The group was born when volunteers spontaneously showed up to help in the aftermath of 1985 Mexico City earthquake. The group was formally organized as a civil association in February 1986 and for more than three decades, they have assisted rescue and recovery efforts in the Mexican states of Tabasco, Chiapas, Oaxaca, State of Mexico, Veracruz and Mexico City, and in countries all over the world including Haiti, Indonesia, El Salvador and Chile.
Topos México doesn't receive any payment for their work since it is entirely based on volunteers. Most of the time, local authorities or Mexico's federal government cover their travel expenses and the countries they go give them visas and access to the disaster zones.
The following video shows a summary of the Topos’ work.
Sin Embargo is a Spanish language news site based in Mexico that produces original journalism and investigative stories. The site was founded in 2011, under the slogan “rigorous journalism”, and is among Mexico's top news sites. Every month the site averages 4.6 million unique users and 10 million page views.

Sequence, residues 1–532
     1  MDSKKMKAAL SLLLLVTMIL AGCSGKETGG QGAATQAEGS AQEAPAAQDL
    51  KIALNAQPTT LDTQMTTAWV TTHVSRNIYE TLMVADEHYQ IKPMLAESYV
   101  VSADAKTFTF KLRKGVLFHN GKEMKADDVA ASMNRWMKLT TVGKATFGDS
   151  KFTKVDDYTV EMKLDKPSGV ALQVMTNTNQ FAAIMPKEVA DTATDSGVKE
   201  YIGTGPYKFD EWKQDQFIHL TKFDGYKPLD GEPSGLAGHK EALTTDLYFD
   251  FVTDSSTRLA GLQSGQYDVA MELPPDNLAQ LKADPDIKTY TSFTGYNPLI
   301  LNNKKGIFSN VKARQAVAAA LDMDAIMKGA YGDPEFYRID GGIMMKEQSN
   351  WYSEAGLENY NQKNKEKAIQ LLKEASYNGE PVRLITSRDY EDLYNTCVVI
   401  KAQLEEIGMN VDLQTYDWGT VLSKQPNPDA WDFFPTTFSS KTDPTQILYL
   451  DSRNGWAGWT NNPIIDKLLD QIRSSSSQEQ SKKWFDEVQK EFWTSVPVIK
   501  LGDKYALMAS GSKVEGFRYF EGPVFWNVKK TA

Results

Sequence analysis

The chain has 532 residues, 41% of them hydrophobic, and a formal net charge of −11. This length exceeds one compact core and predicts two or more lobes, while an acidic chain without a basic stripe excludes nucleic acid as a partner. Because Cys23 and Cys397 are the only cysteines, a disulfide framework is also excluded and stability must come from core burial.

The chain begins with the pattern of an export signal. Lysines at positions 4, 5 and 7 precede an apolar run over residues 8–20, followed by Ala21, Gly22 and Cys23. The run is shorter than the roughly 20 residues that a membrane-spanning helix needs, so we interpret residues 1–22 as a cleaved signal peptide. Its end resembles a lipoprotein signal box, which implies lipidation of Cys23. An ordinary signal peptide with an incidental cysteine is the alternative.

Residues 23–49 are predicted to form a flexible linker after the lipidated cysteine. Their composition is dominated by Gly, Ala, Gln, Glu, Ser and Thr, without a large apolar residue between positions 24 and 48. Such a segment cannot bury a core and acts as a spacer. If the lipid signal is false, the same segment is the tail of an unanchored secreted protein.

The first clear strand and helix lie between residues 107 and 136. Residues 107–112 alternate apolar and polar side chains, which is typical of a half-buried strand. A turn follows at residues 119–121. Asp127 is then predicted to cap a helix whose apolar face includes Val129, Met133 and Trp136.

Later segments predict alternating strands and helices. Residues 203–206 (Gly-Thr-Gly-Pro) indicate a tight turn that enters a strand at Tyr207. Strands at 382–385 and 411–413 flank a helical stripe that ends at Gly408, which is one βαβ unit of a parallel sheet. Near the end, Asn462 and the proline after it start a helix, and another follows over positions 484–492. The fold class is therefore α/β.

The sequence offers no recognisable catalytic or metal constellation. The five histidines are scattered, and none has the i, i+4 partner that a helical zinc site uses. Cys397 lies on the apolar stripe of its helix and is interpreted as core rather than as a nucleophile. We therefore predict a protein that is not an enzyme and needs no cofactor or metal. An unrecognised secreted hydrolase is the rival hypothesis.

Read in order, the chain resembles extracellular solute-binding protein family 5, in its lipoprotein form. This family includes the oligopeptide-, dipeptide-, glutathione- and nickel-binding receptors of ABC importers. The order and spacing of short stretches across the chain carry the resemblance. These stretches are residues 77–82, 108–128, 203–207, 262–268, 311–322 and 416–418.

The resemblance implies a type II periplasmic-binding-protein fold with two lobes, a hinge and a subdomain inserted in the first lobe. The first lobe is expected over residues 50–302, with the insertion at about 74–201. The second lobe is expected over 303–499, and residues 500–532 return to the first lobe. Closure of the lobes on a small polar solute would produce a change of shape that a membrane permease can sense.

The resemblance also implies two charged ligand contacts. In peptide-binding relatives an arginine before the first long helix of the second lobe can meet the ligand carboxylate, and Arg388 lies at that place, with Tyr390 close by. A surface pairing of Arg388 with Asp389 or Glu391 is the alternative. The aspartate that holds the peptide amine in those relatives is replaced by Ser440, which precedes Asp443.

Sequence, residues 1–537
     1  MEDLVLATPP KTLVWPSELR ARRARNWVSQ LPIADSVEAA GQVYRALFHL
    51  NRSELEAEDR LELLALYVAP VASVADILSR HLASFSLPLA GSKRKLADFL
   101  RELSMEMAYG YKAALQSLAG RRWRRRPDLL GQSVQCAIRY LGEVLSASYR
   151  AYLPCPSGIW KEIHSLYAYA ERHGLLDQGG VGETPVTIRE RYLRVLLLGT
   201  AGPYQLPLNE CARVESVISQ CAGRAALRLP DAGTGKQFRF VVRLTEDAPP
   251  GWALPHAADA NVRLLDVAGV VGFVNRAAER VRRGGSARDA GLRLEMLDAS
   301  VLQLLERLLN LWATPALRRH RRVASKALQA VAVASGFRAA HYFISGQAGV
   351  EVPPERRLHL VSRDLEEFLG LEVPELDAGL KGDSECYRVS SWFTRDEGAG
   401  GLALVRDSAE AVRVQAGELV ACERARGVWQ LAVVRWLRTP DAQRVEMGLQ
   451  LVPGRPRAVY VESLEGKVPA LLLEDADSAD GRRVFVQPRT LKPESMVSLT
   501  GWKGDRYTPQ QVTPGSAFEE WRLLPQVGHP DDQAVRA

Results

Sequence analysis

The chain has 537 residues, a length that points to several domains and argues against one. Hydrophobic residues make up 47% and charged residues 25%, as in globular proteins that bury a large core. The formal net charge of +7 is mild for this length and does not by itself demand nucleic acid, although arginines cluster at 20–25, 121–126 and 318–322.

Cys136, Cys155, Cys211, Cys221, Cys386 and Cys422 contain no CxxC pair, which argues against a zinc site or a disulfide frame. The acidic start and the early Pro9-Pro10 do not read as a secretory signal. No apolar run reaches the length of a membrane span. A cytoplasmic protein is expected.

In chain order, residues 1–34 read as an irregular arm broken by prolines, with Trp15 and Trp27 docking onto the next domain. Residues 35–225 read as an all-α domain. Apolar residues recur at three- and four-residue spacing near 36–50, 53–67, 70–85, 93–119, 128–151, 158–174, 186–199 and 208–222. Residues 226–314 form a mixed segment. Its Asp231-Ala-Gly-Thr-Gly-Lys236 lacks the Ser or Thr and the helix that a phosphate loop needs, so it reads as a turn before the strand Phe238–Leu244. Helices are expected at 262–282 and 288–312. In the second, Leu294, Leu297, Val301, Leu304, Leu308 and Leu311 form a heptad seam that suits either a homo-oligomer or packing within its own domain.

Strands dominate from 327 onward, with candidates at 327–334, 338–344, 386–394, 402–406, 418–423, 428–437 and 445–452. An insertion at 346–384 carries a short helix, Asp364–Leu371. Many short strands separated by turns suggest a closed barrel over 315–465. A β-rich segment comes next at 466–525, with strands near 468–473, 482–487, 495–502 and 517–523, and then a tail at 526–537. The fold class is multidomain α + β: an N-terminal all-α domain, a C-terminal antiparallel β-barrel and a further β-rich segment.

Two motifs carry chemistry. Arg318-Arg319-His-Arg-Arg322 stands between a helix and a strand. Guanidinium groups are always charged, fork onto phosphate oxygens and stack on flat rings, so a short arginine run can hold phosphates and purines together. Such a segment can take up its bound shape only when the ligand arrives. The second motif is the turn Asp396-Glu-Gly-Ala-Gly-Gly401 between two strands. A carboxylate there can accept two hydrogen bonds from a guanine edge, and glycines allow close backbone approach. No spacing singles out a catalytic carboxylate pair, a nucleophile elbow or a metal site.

While many digital news operations aggregate content from other sites, founder and publisher Jorge Zepeda Patterson believes that “the only possibility for generating significant traffic is by creating your own content.”
Starting July, Global Voices will translate and publish stories from Sin Embargo on its Spanish and English language sites. Some stories may get translated into up to 30 languages through our Lingua translation project. This is the first story Global Voices published as part of the cooperation: Mexico Was Hacking Team's No. 1 Client for Spyware.
— Iván Hernández (@DrIvanHdez) May 12, 2015
I Fell Asleep Too. Sincerely: @kellypeto
It's a trending topic under the hashtag #YoTambienMeDormi (#IFellAsleepToo). In one week, there have been 17,500 comments on Twitter. The stories of tens of thousands of doctors in Mexico and Latin America who are sharing pictures of them sleeping during their long hospital shifts have gone viral.